By: Sylvia McNeill © 2021 McNeill’s Tree Service
Living in an area of limited rainfall and still desiring to have some vegetative growth is often challenging. Whereas I do recommend planting reasonably for your area, making use of rain water is a great way to augment irrigation for landscape plants and trees. This may not allow a tropical aspect or thick English garden design, but it certainly may expand what is possible.
An inch of rain produces approximately .623 inches of water per square foot surface. Therefore, a 1000 sq ft roof can gather 623 gallons of water per inch of rain. That’s significant.
Two common terms used for rain water collection are harvesting and redirecting. Harvesting is where you collect the water in a container of some sort to be used later. Redirecting is literally directing it to an area to be used at that time.
Harvesting depends on the ability to set up receptacles in strategic areas and may be somewhat problematical on the size of the container vs the amount of rainfall. Being able to collect the rain water and use during dry spells, though, is wonderful if you can manage it.
The simplest method may be redirecting gutters. Instead of simply letting the water flow out of a gutter close to a house, additional piping can be added to channel that water to an area that can absorb the water for plant use. Every roof surface on our property has gutters that are redirected to planted areas. (Ok, full disclosure, my garden shed still needs its gutters but they are coming this year.)
The photo above shows the gutter coming off the east roof of the horse barn being piped into the center of this grove. They receive half of this roof as the other half goes to a mountain ash and blackberry patch on the north side of the barn. This grove was watered prior to installation of this gutter.
The grass areas are never watered, receiving natural precipitation only. When the rains dry up, so does the grass. It goes dormant and greens up upon receiving what nature allows.
The oak tree in the photo below received augmented water during establishment and dry spells. It was planted as a liner off site in 2010, moved here in late 2011 or early 2012. In 2016, it received its own dedicated gutter from the lower deck roofing on the east side of house (left side in photo). The upper house roof goes to honeylocust on the south side of the house. The full west side of the house (right in this photo) goes to the three ash trees.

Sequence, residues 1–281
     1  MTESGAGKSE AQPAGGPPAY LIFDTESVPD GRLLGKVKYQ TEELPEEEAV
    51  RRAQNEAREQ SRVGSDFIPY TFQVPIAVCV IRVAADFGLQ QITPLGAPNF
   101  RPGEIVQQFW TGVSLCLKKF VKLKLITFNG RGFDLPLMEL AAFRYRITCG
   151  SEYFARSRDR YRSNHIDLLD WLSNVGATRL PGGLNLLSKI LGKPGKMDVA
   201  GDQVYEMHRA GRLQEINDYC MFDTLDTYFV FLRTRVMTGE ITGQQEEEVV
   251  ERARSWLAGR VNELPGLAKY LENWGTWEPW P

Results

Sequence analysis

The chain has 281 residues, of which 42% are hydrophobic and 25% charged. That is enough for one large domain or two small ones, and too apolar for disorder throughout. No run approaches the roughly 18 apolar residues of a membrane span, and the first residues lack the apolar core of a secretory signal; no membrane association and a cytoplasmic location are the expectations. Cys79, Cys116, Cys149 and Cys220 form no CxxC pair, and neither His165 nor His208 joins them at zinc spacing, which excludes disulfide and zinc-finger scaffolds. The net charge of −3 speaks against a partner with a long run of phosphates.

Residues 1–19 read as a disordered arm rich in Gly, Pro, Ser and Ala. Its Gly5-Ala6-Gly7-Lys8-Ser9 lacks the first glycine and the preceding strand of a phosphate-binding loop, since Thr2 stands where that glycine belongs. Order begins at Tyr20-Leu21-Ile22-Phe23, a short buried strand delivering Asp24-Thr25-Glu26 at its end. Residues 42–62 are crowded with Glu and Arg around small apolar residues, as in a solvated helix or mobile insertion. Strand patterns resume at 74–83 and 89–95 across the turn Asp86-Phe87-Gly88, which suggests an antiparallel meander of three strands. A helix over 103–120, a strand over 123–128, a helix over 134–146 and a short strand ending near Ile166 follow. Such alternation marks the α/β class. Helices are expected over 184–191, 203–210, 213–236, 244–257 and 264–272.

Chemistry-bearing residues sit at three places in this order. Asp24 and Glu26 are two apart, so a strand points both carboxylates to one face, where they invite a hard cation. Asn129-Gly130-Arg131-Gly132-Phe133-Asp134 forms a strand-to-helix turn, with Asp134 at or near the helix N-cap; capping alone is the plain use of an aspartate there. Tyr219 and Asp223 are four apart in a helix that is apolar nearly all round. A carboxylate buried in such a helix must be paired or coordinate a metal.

As you can see in these photos, we use an abundance of mulch. It helps immensely if you have a mulched area around your plants as it will absorb and hold the water much longer than bare, mineral soil. As the mulch breaks down, it enhances the soil in many ways as well as adding plant available nutrients. We use whole tree chips. And, yes, that is easy for me to say since this is a by-product of our business. However, chances are there are companies in your area that supply whole tree chips for varying prices.
A side comment: We have received calls from people requesting chips saying they would “let us” dump chips at their place to save us money on dump fees. My suggestion would be to not start off the conversation in that manner as some areas don’t have to pay to dump chips. We don’t because there are already so many people who want them, we have never had to take chips to a landfill. Large companies in urban areas may well have to pay dump fees. Best to contact a company and simply ask what their policy is for delivering chips.
Back to water collection. Check out your state’s limitations on water harvesting, if any, to be sure you are compliant. Many states encourage this practice, but there are some states that have restrictions or limitations. These may range from how much water you can collect, to the use you make of it. Googling collecting rainwater will bring up websites with information on restrictions or conditions for the various states.